In the historical context of the above-mentioned Celtic nationalism, a "New Celtic" language has been drafted after linguistic evidence from Hibernia, Scotia, Pictandia and Caledonia, where some rural communities still spoke Celtic languages, and taught in schools besides Latin. The lasting success of this semi-artificial language beyond the islands has been limited, but it perseveres there.

Celtic Latin is lexically mostly identical with the Latin spoken in the Roman Empire, but shares some phonetic differences, which are strongest in dialects spoken in the islands and Atlantic provinces.


The Celtic Empire is a major global economic power. Its system is decidedly more capitalist than that of its Roman neighbour.
Celtic Empire - Economic data
GDP 53,800 DN p.c.p.a.
unemployment rate 7.3 %
trade balance excess export 3.2 % of GDP
Gini coefficient 47.6
urbanization 80.8 %
literacy 97.1 %
tertiary education rate 74.0 %
agriculture 4.0 % of GDP (4.1 % of workforce)
industry 27.6 % of GDP (22.9 % of workforce)
services 68.4 % of GDP (73.0 % of workforce)

Celtic agriculture is highly innovative and among the world leaders in genetically engineered crops and breeds. Farming and agriculture are highly intensified, with a high division of labour, high capital intensity and very industrialised methods. It produces great quantities of inexpensive produce, yet is not renowned for its superior quality (due both to industrial agriculture and the ecological burdens Celtic soil still bears), with the exception of aquaviva from Pictandia and Caledonia (for which a Celtic empire-only Latin word was coined: uisga beata) and deer and salmon from its Atlantic provinces.

Celtic industry is highly developed and a world leader in ship and aircraft engineering. Celtic communication enterprises cover and cater to the entire European, Northern African and Atlantic hemisphere.

Financial services are highly developed in the Celtic empire, too,  and involved in investments around the globe. Its boom-bust cycles have repeatedly caused serious economic breakdowns across the planet. Licensed Celtic banks are allowed and enabled by the state to lend significantly more money than they were lent (fractional reserve banking) and move astronomic amounts of money around the globe.

Wealth and income distribution in the Celtic Empire is more inequal than in the Roman Empire, although Iusti governments have repeatedly tried to address these inequalities with progressive income taxation, wealth and luxury taxes and welfare measures.

The Celtic labour market is as tightly regulated as its Roman counterpart. Unemployment rates vary greatly over time; at the moment, they are relatively moderate (7.3 %).


The Celtic Empire undertakes great efforts to rehabilitate its ecosystems, which have been severely damaged by deforestation (already in Roman times), havaries of the chemical industry (especially in Hispania) and residual radiation from a major meltdown in a power plant in Aquitania in the 16th century, when the Celts had tried to convert their energy production away from coal and petrol by the help of nuclear fission technologies, as well as overfished seas and depleted soils.


Celtic culture, while exhibiting similar artefacts and public rituals as its Roman counterpart, is much more centered around the individual, the nuclear family and personal / romantic notions of love and mutual responsibility.

Celtic society is also shaped by the relatively small size of its urban settlements (oppida) as compared to Roman mega-cities. Celtic oppida often have 30-70,000 inhabitants, and although they provide their citizens with a good infrastructure, they do not create an anonymous mass culture like in the Roman Empire.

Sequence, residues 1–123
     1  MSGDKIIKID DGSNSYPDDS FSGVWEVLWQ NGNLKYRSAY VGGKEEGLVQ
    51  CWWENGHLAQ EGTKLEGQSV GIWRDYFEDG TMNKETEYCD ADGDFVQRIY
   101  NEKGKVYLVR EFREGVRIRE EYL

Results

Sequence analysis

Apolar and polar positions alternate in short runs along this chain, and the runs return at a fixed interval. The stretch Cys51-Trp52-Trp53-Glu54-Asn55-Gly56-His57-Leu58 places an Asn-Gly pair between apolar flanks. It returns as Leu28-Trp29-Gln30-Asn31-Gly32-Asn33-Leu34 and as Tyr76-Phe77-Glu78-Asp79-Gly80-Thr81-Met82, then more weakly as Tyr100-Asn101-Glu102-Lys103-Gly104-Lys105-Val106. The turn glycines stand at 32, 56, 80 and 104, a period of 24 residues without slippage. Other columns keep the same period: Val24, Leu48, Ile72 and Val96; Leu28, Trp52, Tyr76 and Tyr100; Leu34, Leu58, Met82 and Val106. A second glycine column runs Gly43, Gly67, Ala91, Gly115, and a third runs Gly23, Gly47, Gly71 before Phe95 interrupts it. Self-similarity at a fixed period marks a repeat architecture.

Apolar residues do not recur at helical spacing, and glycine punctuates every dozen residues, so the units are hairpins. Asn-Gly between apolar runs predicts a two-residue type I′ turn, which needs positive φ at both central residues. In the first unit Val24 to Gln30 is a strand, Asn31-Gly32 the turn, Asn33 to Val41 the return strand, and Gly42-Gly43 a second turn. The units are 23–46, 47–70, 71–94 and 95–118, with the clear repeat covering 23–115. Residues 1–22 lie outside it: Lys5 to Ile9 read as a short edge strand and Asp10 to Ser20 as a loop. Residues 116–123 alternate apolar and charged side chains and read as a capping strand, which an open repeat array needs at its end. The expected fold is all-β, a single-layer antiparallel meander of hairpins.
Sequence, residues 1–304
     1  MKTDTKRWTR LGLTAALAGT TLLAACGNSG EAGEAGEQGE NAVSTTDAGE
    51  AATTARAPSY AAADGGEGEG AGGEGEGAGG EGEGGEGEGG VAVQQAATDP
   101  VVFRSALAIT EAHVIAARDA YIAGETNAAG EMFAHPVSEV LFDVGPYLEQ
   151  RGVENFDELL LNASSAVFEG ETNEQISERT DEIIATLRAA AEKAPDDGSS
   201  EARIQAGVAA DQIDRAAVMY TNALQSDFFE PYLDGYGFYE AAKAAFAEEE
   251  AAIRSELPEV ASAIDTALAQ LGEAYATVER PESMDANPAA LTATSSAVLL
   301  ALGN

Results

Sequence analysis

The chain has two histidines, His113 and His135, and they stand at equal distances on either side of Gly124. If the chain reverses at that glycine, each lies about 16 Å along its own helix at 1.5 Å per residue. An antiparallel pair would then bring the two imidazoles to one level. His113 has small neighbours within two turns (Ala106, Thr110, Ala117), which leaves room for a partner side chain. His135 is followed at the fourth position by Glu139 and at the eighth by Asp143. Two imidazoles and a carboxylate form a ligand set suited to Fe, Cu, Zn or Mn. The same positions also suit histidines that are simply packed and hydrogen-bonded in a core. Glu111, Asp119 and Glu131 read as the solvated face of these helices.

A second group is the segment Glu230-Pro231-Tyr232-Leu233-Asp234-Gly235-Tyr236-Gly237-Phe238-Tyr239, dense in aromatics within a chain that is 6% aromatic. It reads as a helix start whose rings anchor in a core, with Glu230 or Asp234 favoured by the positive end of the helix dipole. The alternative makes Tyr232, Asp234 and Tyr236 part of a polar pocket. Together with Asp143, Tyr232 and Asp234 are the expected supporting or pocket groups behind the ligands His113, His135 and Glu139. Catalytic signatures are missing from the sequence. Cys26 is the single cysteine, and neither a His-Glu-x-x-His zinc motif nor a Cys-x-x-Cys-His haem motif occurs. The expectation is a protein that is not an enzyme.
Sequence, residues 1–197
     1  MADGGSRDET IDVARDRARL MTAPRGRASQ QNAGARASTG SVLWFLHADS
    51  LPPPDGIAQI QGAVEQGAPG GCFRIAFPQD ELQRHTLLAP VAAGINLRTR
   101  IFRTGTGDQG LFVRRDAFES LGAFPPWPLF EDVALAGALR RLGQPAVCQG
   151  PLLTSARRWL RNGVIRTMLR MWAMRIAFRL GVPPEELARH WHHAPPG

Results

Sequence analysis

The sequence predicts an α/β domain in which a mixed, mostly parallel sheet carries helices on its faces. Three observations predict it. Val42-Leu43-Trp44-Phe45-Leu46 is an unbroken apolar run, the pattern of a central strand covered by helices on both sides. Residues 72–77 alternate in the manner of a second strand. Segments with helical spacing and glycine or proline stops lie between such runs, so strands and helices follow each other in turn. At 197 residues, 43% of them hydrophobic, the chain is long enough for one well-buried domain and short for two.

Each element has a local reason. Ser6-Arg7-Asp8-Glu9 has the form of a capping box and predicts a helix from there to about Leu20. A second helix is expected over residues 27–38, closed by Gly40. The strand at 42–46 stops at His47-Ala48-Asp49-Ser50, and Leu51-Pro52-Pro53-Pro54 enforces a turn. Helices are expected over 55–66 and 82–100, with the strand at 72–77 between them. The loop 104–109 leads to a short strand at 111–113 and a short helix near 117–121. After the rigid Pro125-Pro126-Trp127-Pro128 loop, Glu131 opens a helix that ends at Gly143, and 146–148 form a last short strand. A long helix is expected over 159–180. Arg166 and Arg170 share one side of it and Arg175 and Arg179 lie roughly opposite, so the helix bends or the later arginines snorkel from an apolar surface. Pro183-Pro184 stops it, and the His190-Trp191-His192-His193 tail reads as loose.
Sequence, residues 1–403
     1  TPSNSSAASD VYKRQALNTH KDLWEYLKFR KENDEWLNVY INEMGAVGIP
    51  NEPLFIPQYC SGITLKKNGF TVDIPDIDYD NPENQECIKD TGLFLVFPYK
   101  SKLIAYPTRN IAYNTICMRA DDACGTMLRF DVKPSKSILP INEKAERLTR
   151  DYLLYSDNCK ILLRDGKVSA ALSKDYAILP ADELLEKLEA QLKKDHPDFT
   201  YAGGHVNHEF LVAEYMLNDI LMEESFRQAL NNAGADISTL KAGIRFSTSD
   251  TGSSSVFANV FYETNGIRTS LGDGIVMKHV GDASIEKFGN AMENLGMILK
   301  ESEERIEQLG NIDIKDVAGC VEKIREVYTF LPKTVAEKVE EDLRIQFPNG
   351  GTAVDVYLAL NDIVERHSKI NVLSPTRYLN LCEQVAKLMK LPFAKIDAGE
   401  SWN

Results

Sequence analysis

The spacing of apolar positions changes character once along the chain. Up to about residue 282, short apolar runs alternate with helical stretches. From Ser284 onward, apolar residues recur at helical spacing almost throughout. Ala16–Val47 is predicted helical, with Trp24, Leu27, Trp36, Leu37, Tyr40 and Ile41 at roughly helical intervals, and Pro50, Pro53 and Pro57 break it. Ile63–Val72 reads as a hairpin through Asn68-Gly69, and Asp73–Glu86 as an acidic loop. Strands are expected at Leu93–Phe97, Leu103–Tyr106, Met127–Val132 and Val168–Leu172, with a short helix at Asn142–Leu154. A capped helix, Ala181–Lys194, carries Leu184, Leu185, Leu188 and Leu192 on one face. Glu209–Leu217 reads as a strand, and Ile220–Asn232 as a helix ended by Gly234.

Literature, visual arts and especially music are highly valued and developed in the Celtic Empire. Their distribution and access is mostly organised on a private proprietary basis (as compared to publicly funded and exhibited art in Rome).

Celtic society has provided the world with many influential innovations in modern popular music.


While horti are non-compulsory in the Celtic Empire, twelve years of schola are mandatory for all children and adolescents over the age of 6. Celtic schools are tightly controlled by the empire and provinces. They ensure an almost completely literate population and a well qualified workforce, although comparative international studies have shown Celtic schools to be no better than their Roman counterparts, and political criticism has been raised around the question of an indoctrination of schoolchildren with the myth of a Celtic identity in Celtic schools.

Celtic universities are less tightly controlled by the state, some are even run by foundations and the Celtic Church. Quality varies greatly, but some Celtic universities are among the world`s leading research centres and look back on almost two milennia of tradition, in which Celtic empiricism, electricity, the cell structure, nuclear physics and many other ideas have been developed or discovered in Celtic universities. Especially its elite universities are widely criticised for their restrictive (and allegedly socially discriminatory) access regulations. Nevertheless, 74 % of all Celts have enjoyed tertiary education (percentage rates are considerably lower in Atlantis).


Celtic society is extremely secular, only one in five Celts describe themselves as members of a religious group or cult. Nevertheless, especially through its influence on political, economic and cultural leaders, the Celtic Church has shaped society to a significant degree, e.g. preventing the establishment of a Roman-style mass culture and upholding what are generally called "family values" among Celts.

More recently, (not only the) indigenous population of the Atlantic provinces exhibits a renaissance of neo-animist cult and philosophy inspired by similar developments in the neighbouring Union of Atlantic Nations.

Salvador79 (talk) 11:46, April 25, 2014 (UTC)